Drink mixers are the non-alcoholic ingredients in mixed drinks and cocktails. Mixers dilute the drink, lowering the alcohol by volume in the drink. They change, enhance, or add new flavors to a drink. They may make the drink sweeter, more sour, or more savory. Some mixers change the texture or consistency of the drink, making it thicker or more watery. Drink mixers may also be used strictly for decorative purposes by changing the color or appearance of the drink. They also simply increase the volume of a drink, to make it last longer.

Caffeinated beverages edit

Caffeine, a stimulant, masks some of the depressant effects of alcohol.[1]

Carbonated mixers and sodas edit

A glass of sparkling water

Carbonation adds a festive flair to drinks. It also increases the absorption of the alcohol into the blood stream due to increased pressure in the stomach, potentially resulting in faster intoxication.[2]

Dairy products edit

Milk products add a smoothing effect to the feel of the drink to counteract the burn of the alcohol. They also turn the drinks opaque, usually enhancing and lightening the color of the drink.

Juices edit

Orange juice

Juices are flavorful additions. Some add sweetness, others add a sour tang, and add a sweet-tart sensation. Fruit juices are common additions to rum-based cocktails.

Prepared mixes edit

Bloody Mary mix (far right)

Some suppliers now manufacture pre-made mixes, which contain all the ingredients for a particular drink pre-mixed. The only thing that needs to be added is alcohol.

Some ingredients may be homogenized to form an emulsion with the aid of an emulsifier containing refined vegetable oil. The process prevents the separation of alcohol and cream during storage for example.

Sauces edit

The addition of a sauce usually imparts a surprising new taste to a familiar drink. Hot sauces are commonly used in drinking games.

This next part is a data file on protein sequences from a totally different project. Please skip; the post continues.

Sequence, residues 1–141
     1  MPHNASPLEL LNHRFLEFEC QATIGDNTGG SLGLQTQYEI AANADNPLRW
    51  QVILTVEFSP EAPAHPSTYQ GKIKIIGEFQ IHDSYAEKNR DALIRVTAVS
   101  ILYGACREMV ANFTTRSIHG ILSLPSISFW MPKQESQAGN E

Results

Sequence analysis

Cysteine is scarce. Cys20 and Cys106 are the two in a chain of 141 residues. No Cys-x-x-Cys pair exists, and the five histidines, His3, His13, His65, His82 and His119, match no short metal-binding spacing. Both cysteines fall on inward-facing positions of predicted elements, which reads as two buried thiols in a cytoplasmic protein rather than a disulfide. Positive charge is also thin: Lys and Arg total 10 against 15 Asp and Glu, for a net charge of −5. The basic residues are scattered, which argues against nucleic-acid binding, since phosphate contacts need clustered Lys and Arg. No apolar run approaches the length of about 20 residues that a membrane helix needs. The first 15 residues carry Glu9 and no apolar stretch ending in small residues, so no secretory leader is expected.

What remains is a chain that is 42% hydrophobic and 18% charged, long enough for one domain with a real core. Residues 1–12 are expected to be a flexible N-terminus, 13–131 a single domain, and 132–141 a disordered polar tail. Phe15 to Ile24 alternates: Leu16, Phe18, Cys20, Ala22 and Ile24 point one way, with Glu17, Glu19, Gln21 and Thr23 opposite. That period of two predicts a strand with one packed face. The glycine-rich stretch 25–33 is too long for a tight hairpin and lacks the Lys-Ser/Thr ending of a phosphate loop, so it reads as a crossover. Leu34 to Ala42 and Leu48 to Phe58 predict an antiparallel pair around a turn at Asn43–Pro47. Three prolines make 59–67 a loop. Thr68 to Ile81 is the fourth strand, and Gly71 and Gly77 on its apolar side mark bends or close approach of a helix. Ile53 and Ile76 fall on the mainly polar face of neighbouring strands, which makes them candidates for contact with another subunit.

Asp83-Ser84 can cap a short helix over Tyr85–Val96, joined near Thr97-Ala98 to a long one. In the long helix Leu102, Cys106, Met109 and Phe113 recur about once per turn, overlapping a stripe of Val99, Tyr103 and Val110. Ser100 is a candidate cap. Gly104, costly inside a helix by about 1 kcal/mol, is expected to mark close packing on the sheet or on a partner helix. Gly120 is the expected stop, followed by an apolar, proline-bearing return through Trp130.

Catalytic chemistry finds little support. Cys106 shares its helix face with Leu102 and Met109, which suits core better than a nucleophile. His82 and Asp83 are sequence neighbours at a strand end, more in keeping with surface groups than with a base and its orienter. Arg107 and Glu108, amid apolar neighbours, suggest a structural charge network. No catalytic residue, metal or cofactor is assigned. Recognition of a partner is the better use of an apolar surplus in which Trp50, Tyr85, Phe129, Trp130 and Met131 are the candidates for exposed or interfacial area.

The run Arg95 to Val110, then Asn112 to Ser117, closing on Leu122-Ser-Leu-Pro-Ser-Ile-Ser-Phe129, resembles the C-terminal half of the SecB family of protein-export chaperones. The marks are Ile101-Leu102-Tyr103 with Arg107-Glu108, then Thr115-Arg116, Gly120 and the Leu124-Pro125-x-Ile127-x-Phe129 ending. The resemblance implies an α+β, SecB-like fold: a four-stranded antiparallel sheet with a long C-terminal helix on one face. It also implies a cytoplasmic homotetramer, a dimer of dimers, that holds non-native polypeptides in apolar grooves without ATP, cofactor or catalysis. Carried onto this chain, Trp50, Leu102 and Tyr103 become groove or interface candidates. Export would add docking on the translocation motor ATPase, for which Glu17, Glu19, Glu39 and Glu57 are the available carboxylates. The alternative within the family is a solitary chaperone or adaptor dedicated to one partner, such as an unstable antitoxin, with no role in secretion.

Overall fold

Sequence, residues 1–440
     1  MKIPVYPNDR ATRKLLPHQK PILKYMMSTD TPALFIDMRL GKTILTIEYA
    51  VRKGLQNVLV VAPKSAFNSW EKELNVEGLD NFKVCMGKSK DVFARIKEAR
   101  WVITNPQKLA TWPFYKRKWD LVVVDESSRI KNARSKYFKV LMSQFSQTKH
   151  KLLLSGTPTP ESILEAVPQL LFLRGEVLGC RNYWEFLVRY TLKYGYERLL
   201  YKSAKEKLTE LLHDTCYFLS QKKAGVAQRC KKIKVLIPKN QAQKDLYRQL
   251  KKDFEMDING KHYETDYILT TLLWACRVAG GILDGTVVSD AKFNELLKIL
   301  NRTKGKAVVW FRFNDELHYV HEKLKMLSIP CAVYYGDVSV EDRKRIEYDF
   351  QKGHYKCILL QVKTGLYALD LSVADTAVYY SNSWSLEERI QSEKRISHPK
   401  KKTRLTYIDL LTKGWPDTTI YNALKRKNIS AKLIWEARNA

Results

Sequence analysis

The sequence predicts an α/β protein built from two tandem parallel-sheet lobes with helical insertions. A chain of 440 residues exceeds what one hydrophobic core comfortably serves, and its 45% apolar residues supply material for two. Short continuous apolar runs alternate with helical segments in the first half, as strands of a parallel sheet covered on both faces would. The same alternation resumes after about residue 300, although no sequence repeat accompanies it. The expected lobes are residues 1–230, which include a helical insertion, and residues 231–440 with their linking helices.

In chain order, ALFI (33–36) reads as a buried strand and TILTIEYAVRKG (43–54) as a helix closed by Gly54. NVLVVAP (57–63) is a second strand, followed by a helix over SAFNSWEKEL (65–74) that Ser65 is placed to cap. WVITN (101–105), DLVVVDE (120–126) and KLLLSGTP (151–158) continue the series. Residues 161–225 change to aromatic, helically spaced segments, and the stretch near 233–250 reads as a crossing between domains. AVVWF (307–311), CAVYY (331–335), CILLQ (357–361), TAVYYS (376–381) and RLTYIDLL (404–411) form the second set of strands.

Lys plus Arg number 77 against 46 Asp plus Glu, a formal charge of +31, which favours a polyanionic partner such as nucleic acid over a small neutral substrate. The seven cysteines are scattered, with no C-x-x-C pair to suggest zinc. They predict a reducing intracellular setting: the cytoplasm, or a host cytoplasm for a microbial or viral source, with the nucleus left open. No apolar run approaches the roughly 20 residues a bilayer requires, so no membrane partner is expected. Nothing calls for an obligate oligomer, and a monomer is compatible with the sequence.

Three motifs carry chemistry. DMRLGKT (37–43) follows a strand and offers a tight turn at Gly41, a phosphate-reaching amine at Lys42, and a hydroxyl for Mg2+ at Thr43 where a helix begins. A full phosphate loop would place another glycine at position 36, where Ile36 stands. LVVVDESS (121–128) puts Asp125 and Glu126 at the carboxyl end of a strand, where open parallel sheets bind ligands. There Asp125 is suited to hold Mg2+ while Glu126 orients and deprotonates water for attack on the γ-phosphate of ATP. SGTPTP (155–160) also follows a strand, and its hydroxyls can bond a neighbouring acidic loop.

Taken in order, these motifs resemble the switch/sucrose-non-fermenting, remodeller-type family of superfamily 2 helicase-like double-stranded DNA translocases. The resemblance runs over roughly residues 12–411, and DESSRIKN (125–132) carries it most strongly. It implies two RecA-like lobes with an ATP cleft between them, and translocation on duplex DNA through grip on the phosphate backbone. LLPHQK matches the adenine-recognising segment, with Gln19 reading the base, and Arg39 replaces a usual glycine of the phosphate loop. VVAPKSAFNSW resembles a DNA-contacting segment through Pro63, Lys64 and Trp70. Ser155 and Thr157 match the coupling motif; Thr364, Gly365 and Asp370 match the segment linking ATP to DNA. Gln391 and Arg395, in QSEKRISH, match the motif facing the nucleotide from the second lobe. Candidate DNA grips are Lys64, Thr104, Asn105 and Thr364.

Syrups edit

Grenadine syrup

The key ingredient in a syrup is sugar, which sweetens any drink into which it is mixed. Other flavors are often added to a sugar syrup.

  • Demerara syrup – A combination of Demerara sugar, a natural brown sugar, and water.
  • Falernum – Of Caribbean origin, flavored with almonds, ginger and/or cloves, and lime.
  • Fassionola - A passion fruit, orange and guava juice syrup; variations include hibiscus and strawberry flavors
  • Grenadine – Originally made from pomegranate juice, modern varieties vary in composition.
  • Lime juice, sweetened – Rose's lime juice, etc.
  • Orgeat – Flavored with almonds and either rose water or orange flower water.
  • Simple syrup – A combination of granulated sugar and water.
  • Sour mix – Also known as sweet and sour mix, a combination of simple syrup and lemon or lime juice.
  • Squash – A concentrated fruit- or herbal-flavored syrup.

Other mixers edit

Many other food and beverage items can be used in mixed drinks. These are some other common ones.

See also edit


References edit

  1. ^ "Caffeinated Alcoholic Beverages". Centers for Disease Control and Prevention. 20 Jul 2010. Retrieved 8 Mar 2012.
  2. ^ Roberts, C (16 May 2007). "Alcohol concentration and carbonation of drinks: the effect on blood alcohol levels". Journal of Forensic and Legal Medicine. 14 (7). University of Manchester: 398–405. doi:10.1016/j.jflm.2006.12.010. PMID 17720590. Retrieved 5 December 2019.

External links edit